How to make your Cisco router a terminal server

On more than one occasion I have needed to access the console port of a switch, but I wasn’t physically there but I did have a router near the unit.  You can easily setup your router to act as a Terminal server, allowing you to use a flat rolled cable between the Router’s AUX port and the switch’s CONSOLE port.  First you need to properly configure your AUX port:

line aux 0
    modem InOut
    transport input all
    stopbits 1
    flowcontrol hardware

Now in order to use this feature, log into your router and do the following:

  • from the command prompt enter: SHOW LINE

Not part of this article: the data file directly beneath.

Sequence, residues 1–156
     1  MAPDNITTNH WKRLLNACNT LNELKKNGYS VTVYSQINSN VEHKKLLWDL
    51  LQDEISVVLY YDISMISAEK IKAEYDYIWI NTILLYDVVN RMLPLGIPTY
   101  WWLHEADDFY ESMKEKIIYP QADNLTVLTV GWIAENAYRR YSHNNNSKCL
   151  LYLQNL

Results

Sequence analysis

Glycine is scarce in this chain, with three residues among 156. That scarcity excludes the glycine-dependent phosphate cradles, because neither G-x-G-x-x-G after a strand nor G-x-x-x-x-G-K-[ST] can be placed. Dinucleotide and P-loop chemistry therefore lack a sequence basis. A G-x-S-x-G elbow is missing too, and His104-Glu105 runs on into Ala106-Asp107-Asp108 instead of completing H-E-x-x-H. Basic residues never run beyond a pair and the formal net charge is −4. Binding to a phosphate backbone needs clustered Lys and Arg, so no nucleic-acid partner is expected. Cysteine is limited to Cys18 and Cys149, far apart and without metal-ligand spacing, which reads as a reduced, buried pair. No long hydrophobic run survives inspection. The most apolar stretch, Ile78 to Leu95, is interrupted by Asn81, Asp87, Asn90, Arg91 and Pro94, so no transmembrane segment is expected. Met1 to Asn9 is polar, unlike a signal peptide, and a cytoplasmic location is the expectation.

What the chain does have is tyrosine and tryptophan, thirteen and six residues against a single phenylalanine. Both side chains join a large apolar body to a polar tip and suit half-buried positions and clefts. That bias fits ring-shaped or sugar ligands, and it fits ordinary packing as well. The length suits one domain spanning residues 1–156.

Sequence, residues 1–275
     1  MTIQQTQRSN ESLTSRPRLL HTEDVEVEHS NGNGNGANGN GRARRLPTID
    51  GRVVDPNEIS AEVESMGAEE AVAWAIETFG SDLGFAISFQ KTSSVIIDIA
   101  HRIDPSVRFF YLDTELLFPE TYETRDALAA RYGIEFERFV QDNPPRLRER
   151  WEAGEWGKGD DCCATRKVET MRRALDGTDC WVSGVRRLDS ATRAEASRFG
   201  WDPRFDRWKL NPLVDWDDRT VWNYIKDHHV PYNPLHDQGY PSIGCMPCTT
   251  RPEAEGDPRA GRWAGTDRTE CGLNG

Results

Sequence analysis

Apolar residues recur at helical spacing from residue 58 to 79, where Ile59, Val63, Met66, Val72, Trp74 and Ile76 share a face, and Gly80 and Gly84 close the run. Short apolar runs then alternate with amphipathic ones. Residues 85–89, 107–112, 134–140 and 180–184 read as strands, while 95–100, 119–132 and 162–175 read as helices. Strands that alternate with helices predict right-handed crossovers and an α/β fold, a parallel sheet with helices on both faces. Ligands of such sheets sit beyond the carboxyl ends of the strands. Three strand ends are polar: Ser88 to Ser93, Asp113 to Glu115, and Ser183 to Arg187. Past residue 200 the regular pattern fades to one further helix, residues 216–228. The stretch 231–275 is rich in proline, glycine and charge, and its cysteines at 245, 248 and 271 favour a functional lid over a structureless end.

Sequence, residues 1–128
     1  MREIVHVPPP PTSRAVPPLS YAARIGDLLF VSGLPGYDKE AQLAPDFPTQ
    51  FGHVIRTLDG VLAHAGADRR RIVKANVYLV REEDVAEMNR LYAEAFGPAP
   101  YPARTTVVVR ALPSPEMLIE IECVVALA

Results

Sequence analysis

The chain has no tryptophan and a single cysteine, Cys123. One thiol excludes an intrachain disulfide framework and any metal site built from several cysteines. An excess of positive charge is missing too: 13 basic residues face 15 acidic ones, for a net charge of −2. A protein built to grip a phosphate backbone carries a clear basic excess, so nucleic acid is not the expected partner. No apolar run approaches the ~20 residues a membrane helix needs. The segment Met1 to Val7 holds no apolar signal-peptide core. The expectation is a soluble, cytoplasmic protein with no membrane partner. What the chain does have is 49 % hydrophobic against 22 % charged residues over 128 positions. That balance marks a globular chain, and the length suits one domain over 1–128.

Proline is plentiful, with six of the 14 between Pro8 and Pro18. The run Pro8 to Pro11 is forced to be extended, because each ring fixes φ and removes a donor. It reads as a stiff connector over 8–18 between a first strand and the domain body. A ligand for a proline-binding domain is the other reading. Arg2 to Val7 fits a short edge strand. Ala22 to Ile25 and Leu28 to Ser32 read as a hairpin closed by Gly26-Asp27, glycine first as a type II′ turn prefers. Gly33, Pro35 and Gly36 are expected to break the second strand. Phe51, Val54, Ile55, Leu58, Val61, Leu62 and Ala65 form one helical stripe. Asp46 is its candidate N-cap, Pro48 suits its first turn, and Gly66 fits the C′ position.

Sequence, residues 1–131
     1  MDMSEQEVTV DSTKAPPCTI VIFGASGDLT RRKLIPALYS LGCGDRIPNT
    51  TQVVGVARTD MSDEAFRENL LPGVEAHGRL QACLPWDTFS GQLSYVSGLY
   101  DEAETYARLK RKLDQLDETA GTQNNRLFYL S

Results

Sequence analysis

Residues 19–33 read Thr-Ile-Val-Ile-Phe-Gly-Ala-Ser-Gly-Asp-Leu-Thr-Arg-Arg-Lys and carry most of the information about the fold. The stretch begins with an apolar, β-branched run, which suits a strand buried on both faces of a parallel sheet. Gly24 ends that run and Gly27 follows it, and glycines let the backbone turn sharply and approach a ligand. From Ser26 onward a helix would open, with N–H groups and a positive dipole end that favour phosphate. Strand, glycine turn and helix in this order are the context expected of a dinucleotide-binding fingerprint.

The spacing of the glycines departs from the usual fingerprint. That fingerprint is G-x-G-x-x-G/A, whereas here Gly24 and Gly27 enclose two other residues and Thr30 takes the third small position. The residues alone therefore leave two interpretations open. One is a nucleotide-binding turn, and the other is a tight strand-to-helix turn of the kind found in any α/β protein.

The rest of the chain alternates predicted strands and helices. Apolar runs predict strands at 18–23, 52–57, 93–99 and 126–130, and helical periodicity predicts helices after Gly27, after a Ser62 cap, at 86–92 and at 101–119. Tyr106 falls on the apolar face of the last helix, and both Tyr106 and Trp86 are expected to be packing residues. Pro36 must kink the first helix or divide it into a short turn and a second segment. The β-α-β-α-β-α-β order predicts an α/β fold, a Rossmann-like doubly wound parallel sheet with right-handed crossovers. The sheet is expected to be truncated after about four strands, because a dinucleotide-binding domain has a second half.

• Find the line number for AUX (in this example it is Line 5)
  • Telnet to the IP address of the router you are logged into, but when you telnet you will need to indicate a specific port.  That port is 2000 + the line number.  So in this example your command would look like this: ‘telnet 172.17.10.1 2005′
  • This will get you access to the remote device
  • When you are finished with the session on the remote device break out with CTRL+ALT+6, followed by x one second later.  If you by chance use SecureCRT for your Telnet sessions you can setup a key map that sends the following ASCII standard for that command ‘\036\px’.  You can read more about this on VanDyke’s SecureCRT Forum.
  • Once you are back in the original device you can return to the remote device by simply pressing the ENTER key.
  • If you are finished with your remote session, you can issue a CLEAR command to close that connection.  In this example the command would be ‘CLEAR LINE 5′

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